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This is my first manually typed code. I'm sure there may be some glaring "schoolboy errors" in it, so wondered if people could give it the 'once over' In particular, I have never used C++ arrays, storing binary data within, and then trying to read them bit by bit. In perl, much easier; you would simply use a multi-dimensional something like this:

@code1=('10101010', '01010101');
$bit=$code1[0][0] (..through to..) code1[0][7]
$bit=$code1[1][0] ... code1[1][7]

So this is my Arduino code. Welcome to suggestions.

int pinArray[]={2,3,4,5,6,7,8,9};
int code1[]={B10101010, B01010101,B10101010, B01010101,B10101010, B01010101};
int count=0;
int split=0;    // Counter for the bit loop
int led;    // Store bit data
byte x;     // Used to store the binary data in code1

void setup(){
    for (count=0; count<8; count++){
    pinMode(pinArray[count],OUTPUT); // Sets pinMode as output on pinArray pins
    ]
}

void loop(){
    for (count=0; count<6; count++){
    x=code1[count];
    ledDisplay(x);
    }
}

void ledDisplay(){
    for (split=7; split>=0; split--){
    led=bitRead(x,split);
        if (led == 1){
        digitalWrite(split+2,HIGH);
        }
        else{
        digitalWrite(split+2,LOW);
        }
    }
}

Have just modified split as realised bit7 is the leftmost digit. In split, I am adding 2 to the value. Does this need to be enclosed in brackets,ie (split+2) ?

  • Your indents are confusing. Press Ctrl+T – Jot Jun 18 '19 at 10:01
  • When I write my code in text editor, I use the tab key to indent code, so that the "for" opening / closing brackets etc are in the same column, (which seems to view correctly in my desktop browser - maybe perhaps incorrect on phone - so will use CRTL+t in future when posting. (I know CODE1 doesn't follow the same convention, but then I try to keep open/close on same line so it doesn't 'run into' the next array, bearing in mind I will have 14 such arrays) This isn't meant to be 'nasty' to you as I do appreciate your taking the time to be helpful, just showing my personal 'naming convention' – Cristofayre Jun 18 '19 at 17:03
  • 1
    Ctrl-T is just a quick way to get the code correctly indented in whatever is the IDE's default style. You don't have to use it though. You can use whatever indentation style you like if you handle it manually. Alternatively, you can configure the IDE for your favorite style. Just make sure to adopt one indent style and apply it consistently. – Edgar Bonet Jun 18 '19 at 19:06
2

There are only two errors I can spot in your program:

  1. A block of code should be delimited by curly braces:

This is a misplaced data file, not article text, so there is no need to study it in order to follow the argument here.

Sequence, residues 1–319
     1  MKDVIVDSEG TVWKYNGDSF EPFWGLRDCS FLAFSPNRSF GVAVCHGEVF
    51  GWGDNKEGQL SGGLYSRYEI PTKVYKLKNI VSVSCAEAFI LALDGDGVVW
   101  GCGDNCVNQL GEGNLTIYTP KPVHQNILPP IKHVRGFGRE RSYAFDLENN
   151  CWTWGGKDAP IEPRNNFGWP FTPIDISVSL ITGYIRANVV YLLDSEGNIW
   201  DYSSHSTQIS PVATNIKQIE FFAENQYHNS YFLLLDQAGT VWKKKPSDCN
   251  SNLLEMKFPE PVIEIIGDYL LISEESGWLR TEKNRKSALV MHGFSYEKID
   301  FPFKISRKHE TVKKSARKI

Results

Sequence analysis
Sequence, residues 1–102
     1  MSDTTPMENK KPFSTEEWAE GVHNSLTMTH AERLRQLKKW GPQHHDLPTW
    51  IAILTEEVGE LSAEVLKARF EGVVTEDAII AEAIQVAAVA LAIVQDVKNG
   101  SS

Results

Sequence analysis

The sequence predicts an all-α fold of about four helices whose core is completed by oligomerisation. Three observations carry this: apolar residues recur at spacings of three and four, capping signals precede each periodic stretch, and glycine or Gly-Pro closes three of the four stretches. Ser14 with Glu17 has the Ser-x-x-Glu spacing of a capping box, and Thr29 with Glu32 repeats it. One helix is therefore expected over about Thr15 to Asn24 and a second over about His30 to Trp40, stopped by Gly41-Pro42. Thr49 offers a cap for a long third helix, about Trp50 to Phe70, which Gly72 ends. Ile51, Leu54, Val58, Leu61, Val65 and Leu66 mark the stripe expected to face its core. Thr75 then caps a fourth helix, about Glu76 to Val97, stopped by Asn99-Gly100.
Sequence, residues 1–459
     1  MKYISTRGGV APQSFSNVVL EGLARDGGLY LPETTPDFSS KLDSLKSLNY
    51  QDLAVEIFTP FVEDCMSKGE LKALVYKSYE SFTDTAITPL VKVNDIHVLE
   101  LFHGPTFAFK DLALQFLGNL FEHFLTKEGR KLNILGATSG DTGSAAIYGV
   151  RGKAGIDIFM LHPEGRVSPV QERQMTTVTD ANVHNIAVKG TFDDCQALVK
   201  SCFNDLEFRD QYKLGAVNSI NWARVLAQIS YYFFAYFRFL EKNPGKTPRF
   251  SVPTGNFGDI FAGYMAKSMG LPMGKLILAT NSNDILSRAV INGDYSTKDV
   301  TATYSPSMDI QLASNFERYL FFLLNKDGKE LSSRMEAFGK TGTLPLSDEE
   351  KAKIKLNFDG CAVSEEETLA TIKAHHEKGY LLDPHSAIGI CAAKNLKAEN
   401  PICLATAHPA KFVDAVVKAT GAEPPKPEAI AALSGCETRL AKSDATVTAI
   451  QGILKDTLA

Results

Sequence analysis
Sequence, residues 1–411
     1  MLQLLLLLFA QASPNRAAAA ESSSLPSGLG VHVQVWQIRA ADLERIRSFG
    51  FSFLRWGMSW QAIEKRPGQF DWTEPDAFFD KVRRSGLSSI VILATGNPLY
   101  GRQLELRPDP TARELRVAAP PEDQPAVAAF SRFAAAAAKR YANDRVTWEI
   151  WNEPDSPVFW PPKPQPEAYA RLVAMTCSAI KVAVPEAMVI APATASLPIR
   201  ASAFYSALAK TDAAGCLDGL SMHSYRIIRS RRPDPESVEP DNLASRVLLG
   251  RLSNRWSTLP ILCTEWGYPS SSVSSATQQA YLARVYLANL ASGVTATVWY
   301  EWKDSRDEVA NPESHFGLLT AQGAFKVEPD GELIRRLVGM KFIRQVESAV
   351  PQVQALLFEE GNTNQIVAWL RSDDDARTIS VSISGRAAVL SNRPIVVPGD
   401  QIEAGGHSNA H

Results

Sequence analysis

for (count=0; count<8; count++){
        pinMode(pinArray[count],OUTPUT);
    }  // ← ‘}’ instead of ‘]’
    
  2. If a function expects to be passed arguments, these should be declared as parameters in the function prototype:

    void ledDisplay(byte x){  // ← mind the “byte x”
        // ...
    }
    

Other than that, here a few suggestions to make the code look nicer, and hopefully more maintainable:

  • indent consistently
  • use const to qualify constants
  • use named constants instead of magic numbers
  • keep variables local if possible
  • note that an int that is either 0 or 1 is equivalent to a boolean
  • use pinArray[] for accessing the pins

Applying those suggestions, I get the following:

const int PIN_COUNT = 8;
const int pinArray[PIN_COUNT] = { 2, 3, 4, 5, 6, 7, 8, 9 };
const int CODE_COUNT = 6;
const int code1[CODE_COUNT] = {
    B10101010, B01010101, B10101010, B01010101, B10101010, B01010101
};

void setup() {
    for (int count = 0; count < PIN_COUNT; count++) {
        pinMode(pinArray[count], OUTPUT);
    }
}

void loop() {
    for (int count = 0; count < CODE_COUNT; count++) {
        ledDisplay(code1[count]);
    }
}

void ledDisplay(byte x) {
    for (int split = 7; split >= 0; split--) {
        if (bitRead(x, split)) {
            digitalWrite(pinArray[split], HIGH);
        } else {
            digitalWrite(pinArray[split], LOW);
        }
    }
}
| improve this answer | |
  • For once, I honestly wish I had the ability to upvote a reply. You have given me very constructive advice, rather than just a pointer here and there. (The "]" was just a typo,but thanks for pointing it out) I like too the boolean comment,which will save an extra few bytes. I shall now research "const" to see what that does exactly ... Again, I honestly am very grateful for your indepth feedback – Cristofayre Jun 18 '19 at 16:55

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